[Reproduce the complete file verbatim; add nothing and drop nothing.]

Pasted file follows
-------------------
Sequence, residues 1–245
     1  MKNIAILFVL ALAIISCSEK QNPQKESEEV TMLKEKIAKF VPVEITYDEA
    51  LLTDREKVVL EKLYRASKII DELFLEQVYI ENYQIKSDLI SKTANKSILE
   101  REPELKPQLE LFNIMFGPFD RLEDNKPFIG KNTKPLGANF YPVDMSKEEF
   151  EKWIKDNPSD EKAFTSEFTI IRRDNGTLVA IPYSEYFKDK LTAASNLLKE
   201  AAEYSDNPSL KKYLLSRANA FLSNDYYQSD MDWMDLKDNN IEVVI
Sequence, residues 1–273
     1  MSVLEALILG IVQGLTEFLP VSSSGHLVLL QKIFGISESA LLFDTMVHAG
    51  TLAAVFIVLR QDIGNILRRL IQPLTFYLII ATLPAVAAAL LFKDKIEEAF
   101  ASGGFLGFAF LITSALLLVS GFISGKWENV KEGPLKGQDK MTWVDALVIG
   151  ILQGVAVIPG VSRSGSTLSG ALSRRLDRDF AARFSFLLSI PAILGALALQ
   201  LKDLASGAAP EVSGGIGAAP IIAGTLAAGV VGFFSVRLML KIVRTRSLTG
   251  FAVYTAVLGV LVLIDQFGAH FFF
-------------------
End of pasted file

Sequence, residues 1–245
     1  MKNIAILFVL ALAIISCSEK QNPQKESEEV TMLKEKIAKF VPVEITYDEA
    51  LLTDREKVVL EKLYRASKII DELFLEQVYI ENYQIKSDLI SKTANKSILE
   101  REPELKPQLE LFNIMFGPFD RLEDNKPFIG KNTKPLGANF YPVDMSKEEF
   151  EKWIKDNPSD EKAFTSEFTI IRRDNGTLVA IPYSEYFKDK LTAASNLLKE
   201  AAEYSDNPSL KKYLLSRANA FLSNDYYQSD MDWMDLKDNN IEVVI
Sequence, residues 1–273
     1  MSVLEALILG IVQGLTEFLP VSSSGHLVLL QKIFGISESA LLFDTMVHAG
    51  TLAAVFIVLR QDIGNILRRL IQPLTFYLII ATLPAVAAAL LFKDKIEEAF
   101  ASGGFLGFAF LITSALLLVS GFISGKWENV KEGPLKGQDK MTWVDALVIG
   151  ILQGVAVIPG VSRSGSTLSG ALSRRLDRDF AARFSFLLSI PAILGALALQ
   201  LKDLASGAAP EVSGGIGAAP IIAGTLAAGV VGFFSVRLML KIVRTRSLTG
   251  FAVYTAVLGV LVLIDQFGAH FFF